Christian refugees who have recently migrated to Europe from the Middle East now living in refugee camps in Germany and elsewhere are frequently being targeted, harassed and even receiving death threats for their beliefs, a Christian advocacy group has found.

Refugees have reported cases of being treated as second-rate human beings by fellow refugees who are of Muslim faith and subject to physical assaults and verbal abuse by security staff, according to the results of a survey conducted by Open Doors, an organization documenting Christian persecution around the world.

A female refugee from Iran described how they “drew crosses and then crossed them out with an “X,” thus insulting us” and “threw their garbage in front of our door.”

“We had to leave the last accommodation where we stayed because of death threats,” she said.

“This survey proves it’s a widespread problem, and Germany and its government, just like all other Western countries, need to step up to protect Christian refugees,” Open Doors CEO David Curry said in an interview with The Foreign Desk.

“We have to look at this holistically. What are we saying about the value of religious freedom around the world when this is happening in the West?” Curry, who said the repeated calls to their team in Germany prompted Open Doors to look further into the pattern of instances and launch the study, said.

In some cases, religiously-motivated attacks have been brushed off as gender-based violence, as in the case of a Muslim man assaulting a Christian woman and similar cases reported by Open Doors.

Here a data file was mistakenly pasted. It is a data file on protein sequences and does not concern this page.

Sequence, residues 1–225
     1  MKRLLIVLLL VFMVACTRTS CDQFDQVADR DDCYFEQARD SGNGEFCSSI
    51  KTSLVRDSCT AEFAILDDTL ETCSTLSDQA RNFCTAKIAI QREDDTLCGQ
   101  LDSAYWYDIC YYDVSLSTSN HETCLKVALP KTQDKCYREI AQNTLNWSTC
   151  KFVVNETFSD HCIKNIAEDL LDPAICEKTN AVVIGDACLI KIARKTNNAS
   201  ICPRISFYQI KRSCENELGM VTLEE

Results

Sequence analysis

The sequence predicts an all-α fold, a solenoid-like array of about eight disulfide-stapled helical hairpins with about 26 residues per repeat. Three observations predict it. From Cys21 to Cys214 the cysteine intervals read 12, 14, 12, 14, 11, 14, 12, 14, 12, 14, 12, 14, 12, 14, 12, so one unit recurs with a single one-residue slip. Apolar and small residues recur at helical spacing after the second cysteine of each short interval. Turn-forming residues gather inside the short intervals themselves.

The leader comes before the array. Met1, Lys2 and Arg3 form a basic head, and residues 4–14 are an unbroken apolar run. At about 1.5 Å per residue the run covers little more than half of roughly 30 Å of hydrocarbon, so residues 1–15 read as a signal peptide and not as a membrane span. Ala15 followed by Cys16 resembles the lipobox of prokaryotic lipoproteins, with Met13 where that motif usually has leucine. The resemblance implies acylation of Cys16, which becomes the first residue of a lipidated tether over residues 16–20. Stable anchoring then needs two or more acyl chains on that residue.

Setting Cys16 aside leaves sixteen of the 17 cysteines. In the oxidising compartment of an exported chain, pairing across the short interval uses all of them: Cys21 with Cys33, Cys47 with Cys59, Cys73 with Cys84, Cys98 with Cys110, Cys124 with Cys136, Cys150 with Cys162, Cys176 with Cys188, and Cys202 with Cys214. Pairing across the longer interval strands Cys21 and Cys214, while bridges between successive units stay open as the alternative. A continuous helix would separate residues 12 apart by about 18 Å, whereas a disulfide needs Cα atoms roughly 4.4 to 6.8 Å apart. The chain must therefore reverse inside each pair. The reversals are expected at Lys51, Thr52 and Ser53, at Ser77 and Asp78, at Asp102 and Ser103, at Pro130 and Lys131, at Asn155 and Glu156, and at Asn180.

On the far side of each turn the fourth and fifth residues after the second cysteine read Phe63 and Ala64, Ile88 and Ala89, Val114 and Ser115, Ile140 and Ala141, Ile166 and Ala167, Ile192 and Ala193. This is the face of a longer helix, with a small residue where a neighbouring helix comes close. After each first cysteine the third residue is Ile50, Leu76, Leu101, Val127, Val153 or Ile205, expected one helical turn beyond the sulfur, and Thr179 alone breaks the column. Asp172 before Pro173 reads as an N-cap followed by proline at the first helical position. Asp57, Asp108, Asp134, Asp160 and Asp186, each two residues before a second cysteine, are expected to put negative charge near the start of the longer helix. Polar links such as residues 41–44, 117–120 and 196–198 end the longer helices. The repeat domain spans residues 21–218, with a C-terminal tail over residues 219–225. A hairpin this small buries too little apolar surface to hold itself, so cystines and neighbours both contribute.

The survey, conducted over seven weeks, involved 231 refugees, of whom 86% were Christian converts formerly belonging to the Muslim faith; 69% (160) were from Iran, 13% (30) from Afghanistan and 5% (11) from Syria.

Of those surveyed, 37% (86) said they had been physically assaulted, with 42% (96) suffering verbal abuse. Three quarters of those surveyed said they suffered repeated instances of abuse, and only 20% (46) of victims filed a complaint with police.

Instances of abuse have largely gone unreported due to language barriers as well as refugees feeling that they have no one they can tell, the report said.

As one Iranian refugee said, “I have fled from my own country to Germany hoping that my life would be safe from the impending dangers here, but I have been threatened even more in Germany.”

Many of the participants expressed fear in taking part in the survey because of past experience reporting to authorities in their home countries. In particular, Christian converts who were formerly Muslim, felt increasingly vulnerable, having previously lived with the fear of being discovered.

“This is just the tip of the iceberg with regards to what we know about Christian refugees,” Curry said.

“Western governments need to take action to organize their refugee camps to protect the people in these camps who have different beliefs.”

Christian converts live under a veil of secrecy in the Middle East. The slightest hint of conversion can lead to ejection from their families and communities, leaving many Christians feeling pressured to leave their countries of birth.

The most common recommendation put forward by Open Doors calls for Christian refugees to receive separate accommodations from their Muslim counterparts, and for Muslim security officials not to be assigned to them.

The report also makes several recommendations involving the registration of refugees’ religious affiliations and an equal proportion of Christian to Muslim refugee ratio in cases of shared accommodations.

For those who have already suffered instances of abuse, the study suggests German authorities provide separate accommodations and do more for victims of religious persecution, noting that the country is a place “where the rights to freely practice one’s religion are constitutionally guaranteed.”